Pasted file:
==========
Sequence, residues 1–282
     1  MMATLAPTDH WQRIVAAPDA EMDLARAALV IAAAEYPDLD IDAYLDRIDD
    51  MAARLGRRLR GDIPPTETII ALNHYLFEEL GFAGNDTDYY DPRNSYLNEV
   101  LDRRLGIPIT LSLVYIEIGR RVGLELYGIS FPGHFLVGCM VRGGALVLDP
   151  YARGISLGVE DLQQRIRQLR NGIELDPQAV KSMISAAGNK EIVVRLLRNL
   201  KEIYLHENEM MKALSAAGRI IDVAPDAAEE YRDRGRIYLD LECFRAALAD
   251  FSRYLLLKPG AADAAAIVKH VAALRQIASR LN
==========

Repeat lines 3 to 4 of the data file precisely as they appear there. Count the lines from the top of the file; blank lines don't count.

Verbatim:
    51  MAARLGRRLR GDIPPTETII ALNHYLFEEL GFAGNDTDYY DPRNSYLNEV
   101  LDRRLGIPIT LSLVYIEIGR RVGLELYGIS FPGHFLVGCM VRGGALVLDP